The Building and Construction Industry Security of Payment Act 1999 (NSW) (the Act) is designed to streamline the process to getting paid in the building and construction industry. The Act grants any person that undertakes construction work in NSW a statutory right to receive a progress payment on a reference date that is prescribed in the legislation or that is set out in a construction contract.
The process for making a claim to receive a progress payment is fairly simple. All that a claimant must do to comply with the Act is serve a payment claim on the respondent that identifies the relevant construction work performed and sets out the amount that the claimant is entitled to receive at that particular stage of the project. Once a claim has been served, the onus is then on the respondent to pay the claimant within the prescribed period of payment either:
- the full amount stated on the payment claim; or
- an alternative sum that the respondent proposes to pay, if any. In proposing an alternative sum or no sum, the respondent must provide its reasons for disputing the claimed amount, whether this is for the reason of a set-off, deduction or otherwise.
Whether a respondent intends to pay the full amount of a payment claim or proposes to pay an alternative sum, the Act sets out clear dates for payment that cannot be carved out by the terms of a contract. If a respondent does not pay on time, a claimant has the opportunity to refer the matter to adjudication to obtain the money they are owed.
As a law practice with numerous clients in the building and construction industry, we find it all too common that suppliers and subcontractors are left hanging for payment without any comfort that a claimed amount (or any alternative amount proposed by a respondent, for that matter) will in fact be paid on time and in full. Most of our clients express overwhelming feelings of frustration by the prospect of escalating a disputed payment to adjudication. This is particularly the case for our clients that fully perform their end of the bargain and deliver the works according to the construction contract and in compliance with the Act. Whilst in these cases it is reasonable for claimants to expect prompt and complete payment, the unfortunate reality is that respondents will often use any excuse they can find to withhold, set off or retain a portion or the whole of any such payment claim from a claimant.
We find that our clients are most satisfied and feel empowered when they are able to negotiate construction contracts to include fair payments terms that allow them to manage their cash flow effectively. An obstacle to this and a significant problem that our clients face is when they contract with players in the industry with greater commercial standing and bargaining power. More often than not, these players use their position in the market as a means to pressure modest subcontractors and suppliers to accept their standard form contracts, with onerous payment terms, on a take it or leave it basis.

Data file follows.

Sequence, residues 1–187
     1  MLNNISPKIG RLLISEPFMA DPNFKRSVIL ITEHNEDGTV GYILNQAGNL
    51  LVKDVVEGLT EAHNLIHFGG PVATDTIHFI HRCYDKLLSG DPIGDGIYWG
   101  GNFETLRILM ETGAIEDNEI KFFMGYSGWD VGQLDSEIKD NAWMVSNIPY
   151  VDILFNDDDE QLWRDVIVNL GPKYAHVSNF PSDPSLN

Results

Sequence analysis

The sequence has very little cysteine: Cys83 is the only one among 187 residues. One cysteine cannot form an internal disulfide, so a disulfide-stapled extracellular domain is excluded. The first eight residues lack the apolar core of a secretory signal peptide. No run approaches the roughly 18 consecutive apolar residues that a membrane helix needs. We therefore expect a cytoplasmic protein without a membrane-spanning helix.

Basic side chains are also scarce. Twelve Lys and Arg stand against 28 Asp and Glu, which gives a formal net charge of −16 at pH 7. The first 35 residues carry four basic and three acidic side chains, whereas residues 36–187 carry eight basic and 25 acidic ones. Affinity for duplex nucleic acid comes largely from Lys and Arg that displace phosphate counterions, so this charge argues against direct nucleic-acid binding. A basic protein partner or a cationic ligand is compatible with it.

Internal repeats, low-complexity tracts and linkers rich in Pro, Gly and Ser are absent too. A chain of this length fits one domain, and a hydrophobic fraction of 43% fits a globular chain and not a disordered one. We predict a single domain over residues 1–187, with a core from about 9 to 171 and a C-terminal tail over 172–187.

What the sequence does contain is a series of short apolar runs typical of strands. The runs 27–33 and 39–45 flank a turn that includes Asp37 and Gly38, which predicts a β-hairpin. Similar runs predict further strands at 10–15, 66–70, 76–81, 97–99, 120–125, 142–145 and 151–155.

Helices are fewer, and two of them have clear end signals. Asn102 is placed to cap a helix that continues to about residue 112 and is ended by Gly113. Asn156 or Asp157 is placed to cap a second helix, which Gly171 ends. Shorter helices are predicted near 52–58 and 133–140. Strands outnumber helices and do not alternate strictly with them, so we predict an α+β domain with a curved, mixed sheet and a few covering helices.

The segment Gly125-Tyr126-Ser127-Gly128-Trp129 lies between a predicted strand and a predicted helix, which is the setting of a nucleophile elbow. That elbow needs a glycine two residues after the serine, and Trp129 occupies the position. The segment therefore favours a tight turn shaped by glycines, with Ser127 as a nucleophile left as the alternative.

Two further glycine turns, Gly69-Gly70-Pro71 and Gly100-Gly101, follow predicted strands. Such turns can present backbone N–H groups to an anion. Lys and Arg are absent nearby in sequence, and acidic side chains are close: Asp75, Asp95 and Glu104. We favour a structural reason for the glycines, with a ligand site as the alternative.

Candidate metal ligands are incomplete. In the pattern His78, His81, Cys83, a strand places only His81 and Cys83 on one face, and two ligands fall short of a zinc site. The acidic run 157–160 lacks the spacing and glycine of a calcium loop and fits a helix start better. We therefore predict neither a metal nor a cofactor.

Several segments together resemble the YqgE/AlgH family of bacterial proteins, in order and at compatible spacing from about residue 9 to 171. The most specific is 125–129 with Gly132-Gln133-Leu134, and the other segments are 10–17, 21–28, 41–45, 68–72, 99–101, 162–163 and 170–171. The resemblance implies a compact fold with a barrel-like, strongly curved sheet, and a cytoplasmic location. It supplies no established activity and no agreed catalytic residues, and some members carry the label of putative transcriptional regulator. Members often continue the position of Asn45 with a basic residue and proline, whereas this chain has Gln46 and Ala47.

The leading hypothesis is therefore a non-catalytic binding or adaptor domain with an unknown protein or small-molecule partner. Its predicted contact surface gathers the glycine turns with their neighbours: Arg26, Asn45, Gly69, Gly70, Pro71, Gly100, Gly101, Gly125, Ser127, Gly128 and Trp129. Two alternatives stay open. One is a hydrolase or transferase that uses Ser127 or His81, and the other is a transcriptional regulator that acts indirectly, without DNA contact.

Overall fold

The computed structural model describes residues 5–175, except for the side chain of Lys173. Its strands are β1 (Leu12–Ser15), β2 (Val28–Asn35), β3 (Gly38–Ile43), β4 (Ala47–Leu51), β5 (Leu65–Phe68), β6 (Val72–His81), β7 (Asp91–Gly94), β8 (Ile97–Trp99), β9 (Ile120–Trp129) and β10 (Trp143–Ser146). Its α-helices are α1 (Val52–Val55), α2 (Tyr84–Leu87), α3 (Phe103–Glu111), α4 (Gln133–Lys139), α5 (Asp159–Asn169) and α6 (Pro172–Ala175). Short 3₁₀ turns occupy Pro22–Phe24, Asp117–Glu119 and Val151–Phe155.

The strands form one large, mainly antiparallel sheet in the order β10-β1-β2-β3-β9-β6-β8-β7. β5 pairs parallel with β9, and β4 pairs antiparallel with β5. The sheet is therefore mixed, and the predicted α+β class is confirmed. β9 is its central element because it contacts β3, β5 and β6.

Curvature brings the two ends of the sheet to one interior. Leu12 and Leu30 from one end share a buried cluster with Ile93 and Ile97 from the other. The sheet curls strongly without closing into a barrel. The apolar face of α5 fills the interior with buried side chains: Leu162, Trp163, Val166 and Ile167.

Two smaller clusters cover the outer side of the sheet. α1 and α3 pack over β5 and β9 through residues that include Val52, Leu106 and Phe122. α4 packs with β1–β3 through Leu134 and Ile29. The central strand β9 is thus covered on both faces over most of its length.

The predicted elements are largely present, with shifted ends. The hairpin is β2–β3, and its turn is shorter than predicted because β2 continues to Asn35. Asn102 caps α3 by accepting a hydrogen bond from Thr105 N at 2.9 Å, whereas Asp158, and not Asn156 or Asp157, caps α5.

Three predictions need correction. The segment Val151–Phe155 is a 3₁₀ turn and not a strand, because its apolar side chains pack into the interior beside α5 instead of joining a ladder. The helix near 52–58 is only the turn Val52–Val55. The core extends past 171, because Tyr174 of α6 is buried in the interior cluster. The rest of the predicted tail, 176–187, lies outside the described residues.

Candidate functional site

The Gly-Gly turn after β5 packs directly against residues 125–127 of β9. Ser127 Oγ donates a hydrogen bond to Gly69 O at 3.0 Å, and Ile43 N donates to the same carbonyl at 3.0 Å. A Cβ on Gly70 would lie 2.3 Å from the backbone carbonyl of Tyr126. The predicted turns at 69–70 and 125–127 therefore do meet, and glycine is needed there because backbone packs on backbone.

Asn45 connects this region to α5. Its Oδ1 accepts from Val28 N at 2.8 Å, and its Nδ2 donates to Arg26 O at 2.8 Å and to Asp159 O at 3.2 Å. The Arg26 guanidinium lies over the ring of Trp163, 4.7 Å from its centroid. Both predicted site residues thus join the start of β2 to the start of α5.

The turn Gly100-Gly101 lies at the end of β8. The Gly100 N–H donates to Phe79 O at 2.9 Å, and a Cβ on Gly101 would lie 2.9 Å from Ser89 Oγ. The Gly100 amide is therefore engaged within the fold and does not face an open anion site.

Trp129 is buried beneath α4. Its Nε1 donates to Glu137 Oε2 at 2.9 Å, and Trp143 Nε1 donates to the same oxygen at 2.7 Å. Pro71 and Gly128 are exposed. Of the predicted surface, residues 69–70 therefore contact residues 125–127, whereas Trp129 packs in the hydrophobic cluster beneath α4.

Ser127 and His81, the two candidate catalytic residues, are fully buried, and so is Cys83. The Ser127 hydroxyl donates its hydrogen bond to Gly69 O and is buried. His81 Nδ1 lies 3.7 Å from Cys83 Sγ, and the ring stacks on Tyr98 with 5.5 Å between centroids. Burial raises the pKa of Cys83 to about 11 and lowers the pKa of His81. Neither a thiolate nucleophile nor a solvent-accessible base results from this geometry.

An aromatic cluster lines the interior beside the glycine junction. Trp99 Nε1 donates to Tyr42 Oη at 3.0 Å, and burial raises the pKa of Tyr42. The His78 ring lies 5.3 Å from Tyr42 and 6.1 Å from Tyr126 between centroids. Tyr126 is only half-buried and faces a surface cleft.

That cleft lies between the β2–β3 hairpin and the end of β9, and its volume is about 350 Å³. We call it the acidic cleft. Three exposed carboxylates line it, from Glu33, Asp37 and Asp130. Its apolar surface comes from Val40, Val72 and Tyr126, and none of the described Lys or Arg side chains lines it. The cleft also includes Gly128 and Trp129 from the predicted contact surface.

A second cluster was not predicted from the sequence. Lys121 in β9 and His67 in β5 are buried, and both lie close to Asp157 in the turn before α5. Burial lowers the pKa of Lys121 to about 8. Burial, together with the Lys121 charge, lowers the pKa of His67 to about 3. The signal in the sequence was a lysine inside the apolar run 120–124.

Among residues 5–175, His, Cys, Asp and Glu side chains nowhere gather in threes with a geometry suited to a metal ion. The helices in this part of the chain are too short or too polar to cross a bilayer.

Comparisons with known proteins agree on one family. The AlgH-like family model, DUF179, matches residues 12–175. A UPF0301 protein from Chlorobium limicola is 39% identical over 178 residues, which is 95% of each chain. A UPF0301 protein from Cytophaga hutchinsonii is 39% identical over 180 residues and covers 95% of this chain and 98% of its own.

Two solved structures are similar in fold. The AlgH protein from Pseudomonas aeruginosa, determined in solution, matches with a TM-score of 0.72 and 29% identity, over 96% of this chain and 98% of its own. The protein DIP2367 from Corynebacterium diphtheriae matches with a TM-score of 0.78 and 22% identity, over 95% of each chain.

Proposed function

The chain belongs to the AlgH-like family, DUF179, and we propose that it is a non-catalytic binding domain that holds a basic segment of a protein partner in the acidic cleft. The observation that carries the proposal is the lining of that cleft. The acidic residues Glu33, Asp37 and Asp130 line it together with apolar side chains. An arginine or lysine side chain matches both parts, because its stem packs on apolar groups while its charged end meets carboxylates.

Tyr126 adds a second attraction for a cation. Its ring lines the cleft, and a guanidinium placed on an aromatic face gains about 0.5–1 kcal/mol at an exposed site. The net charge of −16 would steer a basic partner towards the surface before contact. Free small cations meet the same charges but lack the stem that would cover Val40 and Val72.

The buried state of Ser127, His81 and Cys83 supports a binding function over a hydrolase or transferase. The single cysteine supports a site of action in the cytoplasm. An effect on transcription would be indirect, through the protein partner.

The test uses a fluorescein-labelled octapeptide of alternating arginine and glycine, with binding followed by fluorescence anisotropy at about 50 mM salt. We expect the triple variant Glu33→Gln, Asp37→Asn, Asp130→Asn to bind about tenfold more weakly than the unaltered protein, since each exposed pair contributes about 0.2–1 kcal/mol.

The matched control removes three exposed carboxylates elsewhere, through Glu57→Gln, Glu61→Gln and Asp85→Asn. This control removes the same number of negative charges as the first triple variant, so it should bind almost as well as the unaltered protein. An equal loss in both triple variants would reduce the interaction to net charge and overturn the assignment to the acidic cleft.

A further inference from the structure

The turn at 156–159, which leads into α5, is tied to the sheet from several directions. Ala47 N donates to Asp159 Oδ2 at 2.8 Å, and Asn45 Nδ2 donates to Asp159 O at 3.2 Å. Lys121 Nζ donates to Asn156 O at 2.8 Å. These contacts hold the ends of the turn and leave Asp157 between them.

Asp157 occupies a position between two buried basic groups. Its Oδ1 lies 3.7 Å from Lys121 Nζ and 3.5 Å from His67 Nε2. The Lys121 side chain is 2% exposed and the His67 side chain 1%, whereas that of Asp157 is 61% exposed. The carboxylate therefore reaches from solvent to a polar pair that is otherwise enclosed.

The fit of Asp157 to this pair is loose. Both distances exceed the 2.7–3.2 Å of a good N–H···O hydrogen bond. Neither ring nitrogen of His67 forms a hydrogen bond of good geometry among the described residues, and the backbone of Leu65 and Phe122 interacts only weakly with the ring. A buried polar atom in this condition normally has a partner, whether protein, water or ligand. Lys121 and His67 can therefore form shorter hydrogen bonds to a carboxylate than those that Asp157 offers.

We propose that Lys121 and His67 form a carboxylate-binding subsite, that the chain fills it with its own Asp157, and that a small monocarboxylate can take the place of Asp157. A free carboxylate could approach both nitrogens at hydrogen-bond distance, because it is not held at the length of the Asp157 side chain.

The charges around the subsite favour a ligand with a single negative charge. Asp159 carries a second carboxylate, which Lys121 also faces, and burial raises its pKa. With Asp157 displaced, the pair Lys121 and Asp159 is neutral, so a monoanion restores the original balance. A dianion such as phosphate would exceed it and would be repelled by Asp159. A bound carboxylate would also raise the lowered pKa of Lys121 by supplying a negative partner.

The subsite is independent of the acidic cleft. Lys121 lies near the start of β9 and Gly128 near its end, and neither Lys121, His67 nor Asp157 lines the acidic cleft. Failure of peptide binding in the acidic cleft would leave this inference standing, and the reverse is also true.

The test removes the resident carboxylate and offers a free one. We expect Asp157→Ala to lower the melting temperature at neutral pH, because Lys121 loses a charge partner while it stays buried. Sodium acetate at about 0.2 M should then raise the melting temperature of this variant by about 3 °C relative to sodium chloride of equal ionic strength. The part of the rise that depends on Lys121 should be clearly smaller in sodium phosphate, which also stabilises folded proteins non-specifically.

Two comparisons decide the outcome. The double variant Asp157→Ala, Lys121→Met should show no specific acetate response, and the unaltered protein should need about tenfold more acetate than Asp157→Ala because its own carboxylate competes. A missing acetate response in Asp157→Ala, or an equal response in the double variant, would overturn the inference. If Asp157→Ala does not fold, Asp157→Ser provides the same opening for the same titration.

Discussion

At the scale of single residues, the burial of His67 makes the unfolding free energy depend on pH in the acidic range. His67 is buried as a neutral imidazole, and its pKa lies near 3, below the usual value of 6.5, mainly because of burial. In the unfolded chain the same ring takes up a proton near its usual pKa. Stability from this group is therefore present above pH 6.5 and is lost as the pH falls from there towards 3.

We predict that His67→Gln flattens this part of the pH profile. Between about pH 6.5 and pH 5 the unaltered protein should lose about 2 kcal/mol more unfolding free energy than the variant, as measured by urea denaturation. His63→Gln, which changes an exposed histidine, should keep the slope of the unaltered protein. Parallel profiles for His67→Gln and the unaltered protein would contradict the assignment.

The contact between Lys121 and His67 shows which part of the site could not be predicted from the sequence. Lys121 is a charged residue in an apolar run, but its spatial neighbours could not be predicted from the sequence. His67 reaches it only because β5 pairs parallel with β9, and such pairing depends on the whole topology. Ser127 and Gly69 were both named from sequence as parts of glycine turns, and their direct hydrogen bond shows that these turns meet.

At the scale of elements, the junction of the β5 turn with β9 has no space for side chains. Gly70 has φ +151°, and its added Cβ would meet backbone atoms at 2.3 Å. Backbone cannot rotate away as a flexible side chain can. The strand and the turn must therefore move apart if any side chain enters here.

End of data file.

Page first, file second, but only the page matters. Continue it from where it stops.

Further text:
An example of an unreasonable term that commonly pops up in construction contracts is one that allows the respondent to withhold making any payment to a claimant until a dispute between the parties has been resolved. Depending on the nature of the dispute and the relationship of the parties, resolving a dispute may take many months. This means that a claimant will receive payment well after performing the works, which is a cash-flow nightmare and simply unsustainable for anyone looking to make a serious mark in the building and construction industry.
Recently, we attended to a contract review for one of our clients that is in the business of supplying architectural structures and finishes for mid-range commercial projects. A particularly onerous term that we found was one that allowed the respondent to withhold making any payments to our client in the event that it disputed the sum of our client’s payment claims, regardless of whether it disputed the whole or part of our client’s claim. Whilst clearly a slap in the face to the Act and to our client’s prospects of sustaining commercial success, this potentially unfair contract term is seen all too commonly in contracts that are put forth by parties with the greater bargaining power. As the contract was silent in providing any specific mechanism or timeframe for resolving a payment dispute, we advised the client that its only remedy under contract would be to exercise its rights under the general dispute resolution clause.
Dispute resolution clauses are an effective means to resolve common disputes that may arise under contract and the process is protracted in such a way so as to allow the parties the opportunity to meet, discuss and resolve the dispute in good faith. However, this drawn out process is not a practical means to resolving payment disputes, as businesses rely on prompt payment of invoices to remain commercially viable. As such, we negotiated to include a mechanism in the contract to specifically deal with disputed invoices in a manner that was consistent with our client’s payment terms so that our client was not left in a financial vacuum in the event of a disputed payment claim.
This information is for information purposes only and is not legal advice. You should obtain advice that is specific to your circumstance and not rely on this publication as legal advice. Please contact us if you wish for us to advise you on any issue you may have arising from this publication.